Soldier flag wheat field

panoramic shot of patriotic soldier in military uniform holding american flag while standing in field

“Thank you for your service!” I reply with my go-to: “Thank you for your support.”

It seems hollow when I say it in return, but it means something to those who want us to know they support veterans. I usually quickly change the subject with sincere questions on how the other person is doing or make a joke about something going on in the community or the world.

It’s an easy way to distract from the uncomfortable feeling I get when people say those words to me when they find out I’m a veteran or around our patriotic and symbolic holidays — Memorial Day for those who died while serving, Fourth of July celebrating our independence and freedom and Veterans Day honoring all members who have served or are serving in the U.S. Armed Forces.

My feeling is shared by many veterans, especially those with combat deployments, who have lost friends in war and who never felt they truly fulfilled their purpose for being in the military. The last is especially prevalent for those who enlisted during the Global War on Terrorism and hoped to take the fight to the enemy but ended up as support or in parts of the world other than Afghanistan, Iraq, Syria and other regions of conflict.

In my mind, as with many others who have served in the last 20 years, it seems the veterans we should be honoring are those who played a perceived larger role in our nation’s history. After all, World War I is the reason we celebrate modern Veterans Day, symbolizing the end of the war and Armistice with Germany on the 11th hour of the 11th day of the 11th month of 1918. Consider the millions of soldiers who fought in World War II, Korea, Vietnam, Grenada, Panama, Desert Storm, Somalia — those conflicts we grew up learning about. And the elders we held in reverence for their stories and their service!

In my mind even today, those are the “veterans” we should be honoring.

This year seems a bit different, I’ll admit.

Right or wrong, as the war in Afghanistan has ended and other battles and strategic operations in the Middle East have come to an end, it does seem time to honor those who served in our nation’s longest war. Maybe we can now truly think of ourselves as “veterans” of the war, the same as those who served in World War II taught lessons to the soldiers moving into the Korean conflict.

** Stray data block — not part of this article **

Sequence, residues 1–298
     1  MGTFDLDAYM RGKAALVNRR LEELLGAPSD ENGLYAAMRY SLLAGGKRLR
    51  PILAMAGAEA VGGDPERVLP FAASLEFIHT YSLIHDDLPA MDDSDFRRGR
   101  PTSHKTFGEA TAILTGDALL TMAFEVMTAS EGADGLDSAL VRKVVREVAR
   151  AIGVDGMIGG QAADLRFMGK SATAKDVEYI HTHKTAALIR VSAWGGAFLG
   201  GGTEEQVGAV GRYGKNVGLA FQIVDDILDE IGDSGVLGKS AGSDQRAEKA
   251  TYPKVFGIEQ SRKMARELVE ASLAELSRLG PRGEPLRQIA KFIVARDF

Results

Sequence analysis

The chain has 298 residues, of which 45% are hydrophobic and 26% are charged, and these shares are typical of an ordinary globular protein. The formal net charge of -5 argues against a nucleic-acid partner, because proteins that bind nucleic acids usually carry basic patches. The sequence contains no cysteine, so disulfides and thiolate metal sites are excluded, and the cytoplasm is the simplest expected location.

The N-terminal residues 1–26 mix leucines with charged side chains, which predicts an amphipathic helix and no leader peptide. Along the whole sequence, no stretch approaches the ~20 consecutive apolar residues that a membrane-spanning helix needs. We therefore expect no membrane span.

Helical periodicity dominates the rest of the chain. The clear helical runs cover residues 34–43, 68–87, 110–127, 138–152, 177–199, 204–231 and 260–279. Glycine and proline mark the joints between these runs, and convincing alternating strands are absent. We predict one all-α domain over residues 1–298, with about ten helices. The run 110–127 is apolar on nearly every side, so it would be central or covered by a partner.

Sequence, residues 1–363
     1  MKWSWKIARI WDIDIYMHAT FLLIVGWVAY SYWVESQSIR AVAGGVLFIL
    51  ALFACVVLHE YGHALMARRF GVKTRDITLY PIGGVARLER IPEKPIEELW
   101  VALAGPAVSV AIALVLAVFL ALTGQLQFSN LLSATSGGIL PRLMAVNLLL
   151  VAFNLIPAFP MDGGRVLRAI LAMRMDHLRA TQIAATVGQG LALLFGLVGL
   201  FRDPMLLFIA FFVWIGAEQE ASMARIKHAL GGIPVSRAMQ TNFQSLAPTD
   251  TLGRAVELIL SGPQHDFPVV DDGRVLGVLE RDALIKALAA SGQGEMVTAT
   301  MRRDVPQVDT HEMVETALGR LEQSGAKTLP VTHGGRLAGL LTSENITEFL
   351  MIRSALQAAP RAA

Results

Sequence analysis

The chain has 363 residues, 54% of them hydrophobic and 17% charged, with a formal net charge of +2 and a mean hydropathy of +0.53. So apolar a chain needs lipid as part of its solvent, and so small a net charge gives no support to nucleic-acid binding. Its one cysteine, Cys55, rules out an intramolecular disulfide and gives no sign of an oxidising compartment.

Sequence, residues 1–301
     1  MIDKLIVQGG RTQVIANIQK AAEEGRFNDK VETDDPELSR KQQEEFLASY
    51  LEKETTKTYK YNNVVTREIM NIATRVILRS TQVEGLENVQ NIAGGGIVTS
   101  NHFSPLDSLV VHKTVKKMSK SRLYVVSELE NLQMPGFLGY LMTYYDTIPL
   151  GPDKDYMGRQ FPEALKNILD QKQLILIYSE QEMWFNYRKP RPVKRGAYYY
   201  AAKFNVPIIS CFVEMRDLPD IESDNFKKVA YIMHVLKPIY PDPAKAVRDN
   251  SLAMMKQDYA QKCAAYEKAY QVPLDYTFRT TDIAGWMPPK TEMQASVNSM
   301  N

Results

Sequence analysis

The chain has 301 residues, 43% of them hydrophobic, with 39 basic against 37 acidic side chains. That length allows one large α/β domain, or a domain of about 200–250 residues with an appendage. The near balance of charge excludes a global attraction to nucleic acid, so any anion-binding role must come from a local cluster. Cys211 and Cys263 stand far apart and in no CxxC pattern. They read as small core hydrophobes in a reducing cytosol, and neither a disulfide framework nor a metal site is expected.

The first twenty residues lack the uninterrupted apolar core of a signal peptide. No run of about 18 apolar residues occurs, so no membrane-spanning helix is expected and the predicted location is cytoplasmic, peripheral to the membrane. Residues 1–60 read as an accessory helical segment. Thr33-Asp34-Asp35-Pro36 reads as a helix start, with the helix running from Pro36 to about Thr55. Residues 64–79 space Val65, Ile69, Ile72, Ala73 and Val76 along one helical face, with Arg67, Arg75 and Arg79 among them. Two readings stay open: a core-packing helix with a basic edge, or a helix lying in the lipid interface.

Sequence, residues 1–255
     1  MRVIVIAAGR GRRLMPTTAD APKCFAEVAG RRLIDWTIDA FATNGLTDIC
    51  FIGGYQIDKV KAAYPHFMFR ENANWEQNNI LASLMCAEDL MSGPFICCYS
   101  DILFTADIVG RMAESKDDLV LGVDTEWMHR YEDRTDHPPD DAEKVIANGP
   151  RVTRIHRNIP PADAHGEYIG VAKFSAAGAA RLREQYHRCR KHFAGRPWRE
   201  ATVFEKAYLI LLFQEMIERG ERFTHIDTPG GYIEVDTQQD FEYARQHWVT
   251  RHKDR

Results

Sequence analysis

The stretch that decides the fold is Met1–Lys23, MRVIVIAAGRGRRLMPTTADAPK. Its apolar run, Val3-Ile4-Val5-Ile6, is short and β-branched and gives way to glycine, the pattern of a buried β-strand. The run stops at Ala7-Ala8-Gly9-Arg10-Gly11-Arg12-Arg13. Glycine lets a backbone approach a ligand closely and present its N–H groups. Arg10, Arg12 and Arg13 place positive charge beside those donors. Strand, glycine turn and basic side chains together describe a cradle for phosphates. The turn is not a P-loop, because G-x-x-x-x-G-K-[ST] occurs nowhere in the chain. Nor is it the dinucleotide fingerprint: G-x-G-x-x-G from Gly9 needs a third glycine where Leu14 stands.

Those who continue active service and are stationed throughout the world in times of uncertainty also are people we should honor. The men and women, who sacrifice time with family, friends, careers, and serve honorably, deserve our gratitude, appreciation and reflection.

If you have served, have family in the service, or even know of someone who has served honorably, take a moment — right now — to think about them or the people you served with.

Think about the impact their service has on our everyday lives. The freedoms we enjoy and exercise. Remember their stories. Give them a call. You don’t even have to thank them for their service — just catch up with them. Let them know you were thinking about them.

This Veterans Day I think of my great-grandfather who served in World War II, and the men I have had the honor of serving with over the years. I remember Sgt. First Class Christopher Celiz, not because he died, but because he lived. There are veterans — bold, hardened and very human — both men and women, who I continue to look up to.

As we honor our veterans this week, understand we are living in a time where we have veterans from eight major conflicts.

This Veterans Day means something different to each one of them, this year especially for those who served in the Global War on Terrorism.

To all veterans: Thank you for serving honorably and for continuing to serve your family, churches, communities, workplace and country. Our words fall short, but our thankfulness is pure.

FarmWeek readers: if you’d like to share stories about the veterans in your life or your story, email me at I’d love to read them.

Shay Foulk served two deployments with the U.S. Army 1st Battalion, 75th Range Regiment in hostile combat environments overseas. He farms in Marshall County, runs a regional seed business with his wife and father-in-law and is a farm business consultant across the U.S. and Canada.